As we know, this sudden turn of events may not be new to a good business student as in every business environment, it is a conventional belief that ‘if a business fails to adapt quickly to new challenges such business is likely to face its own form of extinction, just as anyone that fails to search for his potential leaves his survival to chance.

Indeed, there are countless examples of government’s inactions that is propelling this looming failure but understandably, the most radical that comes to mind aside the failure of the government to guaranty security of lives and property which of course has become a reality that Nigerians now worry about, and an embarrassment at the global stage, is the leaders failure to remember  that ‘corruption destroys and breaks that trust which is absolutely essential for the delicate alchemy at the heart of a representative democracy’.

Adding fire to the controversy is their inability to promote quality education /human capital development as the 2018 budgetary allocation to the sector exemplifies; an action that has since harmed the ideals of public good and weakened the fabrics of our democracy.

From a broader spectrum, the above decision reputes our leaders and stands as a sign that our nation does not subscribe to the global believe that the future of any nation depends on the quality of its young people, who will provide the future generation of leaders.  And sadly, the quality of education on our shores that will act as a vehicle for shaping these youths and make hypermodern nation achievable is being relegated to the background daily. What is more? No hope for the future.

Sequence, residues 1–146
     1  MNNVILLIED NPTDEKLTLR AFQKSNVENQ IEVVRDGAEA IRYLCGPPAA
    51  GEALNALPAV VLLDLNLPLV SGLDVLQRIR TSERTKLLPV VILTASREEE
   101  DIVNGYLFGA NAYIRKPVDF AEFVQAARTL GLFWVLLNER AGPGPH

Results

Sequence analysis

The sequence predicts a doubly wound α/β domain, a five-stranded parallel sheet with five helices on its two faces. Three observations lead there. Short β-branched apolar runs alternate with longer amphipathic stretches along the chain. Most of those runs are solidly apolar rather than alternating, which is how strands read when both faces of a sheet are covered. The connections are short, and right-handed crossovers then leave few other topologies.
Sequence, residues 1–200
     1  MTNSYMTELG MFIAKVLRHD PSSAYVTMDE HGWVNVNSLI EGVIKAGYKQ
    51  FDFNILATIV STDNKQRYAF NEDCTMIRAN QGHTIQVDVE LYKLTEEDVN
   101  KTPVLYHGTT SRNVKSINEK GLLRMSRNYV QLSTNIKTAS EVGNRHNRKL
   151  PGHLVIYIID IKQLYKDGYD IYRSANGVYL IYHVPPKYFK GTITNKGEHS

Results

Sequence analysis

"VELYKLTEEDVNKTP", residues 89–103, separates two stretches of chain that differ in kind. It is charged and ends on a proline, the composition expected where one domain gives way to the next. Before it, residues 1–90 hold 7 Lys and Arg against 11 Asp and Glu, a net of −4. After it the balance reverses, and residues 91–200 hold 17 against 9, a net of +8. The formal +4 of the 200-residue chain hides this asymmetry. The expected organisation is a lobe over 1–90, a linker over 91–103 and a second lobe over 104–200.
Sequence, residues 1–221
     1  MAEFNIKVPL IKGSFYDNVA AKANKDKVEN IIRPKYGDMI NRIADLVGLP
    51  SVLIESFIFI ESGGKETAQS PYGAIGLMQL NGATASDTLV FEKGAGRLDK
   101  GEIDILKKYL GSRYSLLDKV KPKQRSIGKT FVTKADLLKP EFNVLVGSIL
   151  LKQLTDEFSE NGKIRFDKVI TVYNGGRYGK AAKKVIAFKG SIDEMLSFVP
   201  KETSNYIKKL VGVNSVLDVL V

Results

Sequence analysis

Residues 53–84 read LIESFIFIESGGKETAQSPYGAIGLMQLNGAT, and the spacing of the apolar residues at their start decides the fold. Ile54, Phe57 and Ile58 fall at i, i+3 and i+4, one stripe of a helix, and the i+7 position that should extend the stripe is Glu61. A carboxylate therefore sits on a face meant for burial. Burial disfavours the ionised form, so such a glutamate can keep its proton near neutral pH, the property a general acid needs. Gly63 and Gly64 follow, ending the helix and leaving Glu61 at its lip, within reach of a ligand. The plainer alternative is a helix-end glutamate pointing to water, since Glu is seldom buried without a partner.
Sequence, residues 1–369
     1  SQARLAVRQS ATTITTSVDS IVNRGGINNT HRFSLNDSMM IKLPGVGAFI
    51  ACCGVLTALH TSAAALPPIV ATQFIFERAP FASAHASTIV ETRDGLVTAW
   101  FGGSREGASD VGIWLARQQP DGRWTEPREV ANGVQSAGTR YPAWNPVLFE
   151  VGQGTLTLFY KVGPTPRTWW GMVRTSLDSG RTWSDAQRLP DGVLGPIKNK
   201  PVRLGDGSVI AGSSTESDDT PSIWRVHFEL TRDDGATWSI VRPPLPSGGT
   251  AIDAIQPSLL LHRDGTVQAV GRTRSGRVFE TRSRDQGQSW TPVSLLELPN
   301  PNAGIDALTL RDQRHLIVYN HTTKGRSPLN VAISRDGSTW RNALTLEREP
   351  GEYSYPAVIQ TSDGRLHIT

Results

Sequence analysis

This probably explains why the vast majority of Nigerians and youths, in particular, go with the notion that their leaders lack what they need.

Further fanning the ‘civil but cooled’ relationship between Nigerians and their leaders is their understanding that leaders of great nations have a systematic way of making people-focused decisions by prioritizing their choices around these three cardinal areas which regrettably forms the rudiment of the challenge.

First and most fundamental is achieving stability and cohesion in their society, Second and very radical, a cultural drive to achieve a thrifty, and always investing the future with high savings for a rainy day and Thirdly, a great reverence for education and knowledge.

Still, at the global stage, this challenging situation heightens when Nigerians remember that it is an age-old belief that for democracy to succeed there must be a relative level of literacy, a growing middle class, and political institutions that support free speech and human rights’, but appears conspicuously missing in our political sphere.

To correct these abnormities in my views, what Nigerians who are the victims of these broken promises wants the government to address these issues/concerns as a nation’s success or failure solidly depends on the way their leaders challenge the unknown and handles the people’s fears.

Above all, the present situation in the country requires in my views a reconsideration of the government’s attitude to the complaints of the people.

Jerome-Mario writes via;